What is Parkinson's Disease?
Parkinson's disease (PD) belongs to a group of conditions called motor system disorders, which are the result of the loss of dopamine-producing brain cells.
The four primary symptoms of PD are:
Tremor, or trembling in hands, arms, legs, jaw, and face;
Rigidity, or stiffness of the limbs and trunk;
Bradykinesia, or slowness of movement; and postural instability,
Or impaired balance and coordination.
As these symptoms become more pronounced, patients may have difficulty walking, talking, or completing other simple tasks. PD usually affects people over the age of 50. Early symptoms of PD are subtle and occur gradually.
In some people the disease progresses more quickly than in others. As the disease progresses, the shaking, or tremor, which affects the majority of PD patients may begin to interfere with daily activities.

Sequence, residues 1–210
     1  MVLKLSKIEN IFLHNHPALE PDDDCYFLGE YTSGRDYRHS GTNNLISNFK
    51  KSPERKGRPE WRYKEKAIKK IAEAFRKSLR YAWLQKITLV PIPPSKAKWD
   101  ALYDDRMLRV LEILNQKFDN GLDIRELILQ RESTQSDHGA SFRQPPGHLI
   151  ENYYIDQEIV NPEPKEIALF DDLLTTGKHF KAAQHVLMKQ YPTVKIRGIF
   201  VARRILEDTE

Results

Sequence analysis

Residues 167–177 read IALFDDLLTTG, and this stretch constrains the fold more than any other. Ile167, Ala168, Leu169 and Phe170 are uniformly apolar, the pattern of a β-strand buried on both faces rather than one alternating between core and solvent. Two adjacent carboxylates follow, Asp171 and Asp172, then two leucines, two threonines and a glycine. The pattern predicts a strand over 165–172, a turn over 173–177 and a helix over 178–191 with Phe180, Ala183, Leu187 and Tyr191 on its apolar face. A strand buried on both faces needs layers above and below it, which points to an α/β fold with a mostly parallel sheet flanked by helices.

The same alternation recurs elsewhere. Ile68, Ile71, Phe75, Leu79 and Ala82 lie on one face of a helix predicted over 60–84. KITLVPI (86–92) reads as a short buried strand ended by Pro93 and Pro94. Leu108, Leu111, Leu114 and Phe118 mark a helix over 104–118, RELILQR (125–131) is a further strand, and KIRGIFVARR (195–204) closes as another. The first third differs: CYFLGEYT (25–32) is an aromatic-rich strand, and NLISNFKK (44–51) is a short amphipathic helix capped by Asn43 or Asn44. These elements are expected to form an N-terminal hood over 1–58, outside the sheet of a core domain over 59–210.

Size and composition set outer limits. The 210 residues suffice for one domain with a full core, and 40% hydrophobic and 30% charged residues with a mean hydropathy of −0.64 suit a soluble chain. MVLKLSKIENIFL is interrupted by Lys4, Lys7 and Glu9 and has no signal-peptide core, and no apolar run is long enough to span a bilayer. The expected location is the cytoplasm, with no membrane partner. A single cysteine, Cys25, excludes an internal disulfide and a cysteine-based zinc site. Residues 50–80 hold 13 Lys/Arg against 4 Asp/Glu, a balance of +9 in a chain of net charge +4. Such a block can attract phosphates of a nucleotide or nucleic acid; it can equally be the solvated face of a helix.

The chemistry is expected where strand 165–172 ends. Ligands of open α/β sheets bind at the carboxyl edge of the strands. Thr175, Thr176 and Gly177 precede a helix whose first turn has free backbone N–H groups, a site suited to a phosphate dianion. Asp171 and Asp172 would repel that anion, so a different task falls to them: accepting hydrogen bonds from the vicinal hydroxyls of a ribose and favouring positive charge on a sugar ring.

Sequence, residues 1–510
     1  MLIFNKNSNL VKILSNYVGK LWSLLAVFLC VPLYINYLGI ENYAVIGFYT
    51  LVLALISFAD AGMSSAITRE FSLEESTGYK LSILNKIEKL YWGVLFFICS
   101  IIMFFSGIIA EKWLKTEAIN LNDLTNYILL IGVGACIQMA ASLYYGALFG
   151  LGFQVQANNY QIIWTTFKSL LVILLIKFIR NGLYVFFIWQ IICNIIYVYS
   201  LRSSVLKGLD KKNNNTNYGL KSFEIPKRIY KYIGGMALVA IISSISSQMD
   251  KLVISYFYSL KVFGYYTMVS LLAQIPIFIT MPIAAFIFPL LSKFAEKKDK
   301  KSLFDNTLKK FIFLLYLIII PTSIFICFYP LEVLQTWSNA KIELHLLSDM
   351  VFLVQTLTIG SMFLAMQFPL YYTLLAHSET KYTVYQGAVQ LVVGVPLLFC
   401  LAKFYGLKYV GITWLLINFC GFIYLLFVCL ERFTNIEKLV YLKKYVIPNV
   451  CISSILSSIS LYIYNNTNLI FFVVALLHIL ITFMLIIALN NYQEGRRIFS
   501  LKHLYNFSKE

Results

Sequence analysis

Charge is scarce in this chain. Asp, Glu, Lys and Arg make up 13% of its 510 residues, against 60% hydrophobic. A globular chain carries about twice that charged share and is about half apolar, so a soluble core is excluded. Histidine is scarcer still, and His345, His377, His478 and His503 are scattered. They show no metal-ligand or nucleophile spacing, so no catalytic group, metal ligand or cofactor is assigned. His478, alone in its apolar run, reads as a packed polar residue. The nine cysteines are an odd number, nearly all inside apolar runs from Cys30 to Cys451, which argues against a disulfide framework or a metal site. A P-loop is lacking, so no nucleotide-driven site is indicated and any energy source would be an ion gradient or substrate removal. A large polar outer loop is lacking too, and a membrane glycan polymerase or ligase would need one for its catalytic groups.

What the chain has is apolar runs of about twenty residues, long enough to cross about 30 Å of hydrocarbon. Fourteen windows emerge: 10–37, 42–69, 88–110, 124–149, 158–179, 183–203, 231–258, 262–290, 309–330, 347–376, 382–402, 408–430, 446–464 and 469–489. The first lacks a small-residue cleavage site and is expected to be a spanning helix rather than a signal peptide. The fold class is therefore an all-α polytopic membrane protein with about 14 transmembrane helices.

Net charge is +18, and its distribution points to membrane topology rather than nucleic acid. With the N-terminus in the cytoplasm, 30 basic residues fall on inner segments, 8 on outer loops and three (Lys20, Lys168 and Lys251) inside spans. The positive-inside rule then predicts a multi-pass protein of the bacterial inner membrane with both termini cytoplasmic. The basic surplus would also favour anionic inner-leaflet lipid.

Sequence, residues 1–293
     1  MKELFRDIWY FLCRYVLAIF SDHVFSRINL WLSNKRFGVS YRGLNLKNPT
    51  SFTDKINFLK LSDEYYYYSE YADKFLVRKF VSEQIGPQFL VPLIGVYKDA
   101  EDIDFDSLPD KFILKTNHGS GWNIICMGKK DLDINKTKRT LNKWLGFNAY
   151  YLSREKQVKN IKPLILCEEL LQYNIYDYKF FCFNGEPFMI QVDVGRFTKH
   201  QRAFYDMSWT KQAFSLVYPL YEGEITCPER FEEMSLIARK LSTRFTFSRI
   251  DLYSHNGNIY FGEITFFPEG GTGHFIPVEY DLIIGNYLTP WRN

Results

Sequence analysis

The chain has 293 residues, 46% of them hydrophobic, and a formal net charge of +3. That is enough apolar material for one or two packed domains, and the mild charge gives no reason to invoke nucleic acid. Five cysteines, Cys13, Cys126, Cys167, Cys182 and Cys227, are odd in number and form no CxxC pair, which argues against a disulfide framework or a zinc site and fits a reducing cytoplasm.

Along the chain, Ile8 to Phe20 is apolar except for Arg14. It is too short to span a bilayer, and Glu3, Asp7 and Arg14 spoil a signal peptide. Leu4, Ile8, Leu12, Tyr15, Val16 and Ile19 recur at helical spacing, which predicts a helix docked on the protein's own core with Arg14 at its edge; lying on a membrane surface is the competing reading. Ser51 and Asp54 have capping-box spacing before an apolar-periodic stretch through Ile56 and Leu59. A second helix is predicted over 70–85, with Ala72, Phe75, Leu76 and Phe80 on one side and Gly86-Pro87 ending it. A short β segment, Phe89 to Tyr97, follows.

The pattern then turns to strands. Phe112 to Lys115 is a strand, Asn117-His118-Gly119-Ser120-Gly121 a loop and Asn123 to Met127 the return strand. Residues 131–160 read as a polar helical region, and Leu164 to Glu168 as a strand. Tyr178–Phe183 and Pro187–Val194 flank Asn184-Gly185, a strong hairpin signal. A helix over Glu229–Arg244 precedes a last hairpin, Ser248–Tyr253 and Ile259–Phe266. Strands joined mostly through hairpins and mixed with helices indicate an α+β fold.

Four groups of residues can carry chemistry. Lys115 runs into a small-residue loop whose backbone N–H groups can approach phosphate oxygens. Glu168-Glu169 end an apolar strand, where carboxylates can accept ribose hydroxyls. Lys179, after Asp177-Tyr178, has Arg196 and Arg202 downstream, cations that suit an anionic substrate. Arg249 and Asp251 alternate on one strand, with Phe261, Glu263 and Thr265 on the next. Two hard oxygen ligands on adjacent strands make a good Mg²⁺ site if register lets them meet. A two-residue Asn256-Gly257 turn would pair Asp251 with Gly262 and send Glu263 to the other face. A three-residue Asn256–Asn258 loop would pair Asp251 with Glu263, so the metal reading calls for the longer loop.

Other symptoms may include depression and other emotional changes; difficulty in swallowing, chewing, and speaking; urinary problems or constipation; skin problems; and sleep disruptions.
There are currently no blood or laboratory tests that have been proven to help in diagnosing sporadic PD. Therefore the diagnosis is based on medical history and a neurological examination.
The disease can be difficult to diagnose accurately.
Doctors may sometimes request brain scans or laboratory tests in order to rule out other diseases.
(Information provided by NIH, National Institute Of Neurological Disorders and Stroke)